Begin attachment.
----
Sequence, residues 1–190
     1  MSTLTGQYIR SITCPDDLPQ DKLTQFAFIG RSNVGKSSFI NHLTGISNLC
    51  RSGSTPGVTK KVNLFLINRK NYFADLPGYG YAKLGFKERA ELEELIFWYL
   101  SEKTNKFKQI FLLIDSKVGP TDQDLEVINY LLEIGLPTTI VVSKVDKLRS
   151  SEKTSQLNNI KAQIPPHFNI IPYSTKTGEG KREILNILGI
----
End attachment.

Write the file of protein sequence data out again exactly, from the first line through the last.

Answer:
Sequence, residues 1–190
     1  MSTLTGQYIR SITCPDDLPQ DKLTQFAFIG RSNVGKSSFI NHLTGISNLC
    51  RSGSTPGVTK KVNLFLINRK NYFADLPGYG YAKLGFKERA ELEELIFWYL
   101  SEKTNKFKQI FLLIDSKVGP TDQDLEVINY LLEIGLPTTI VVSKVDKLRS
   151  SEKTSQLNNI KAQIPPHFNI IPYSTKTGEG KREILNILGI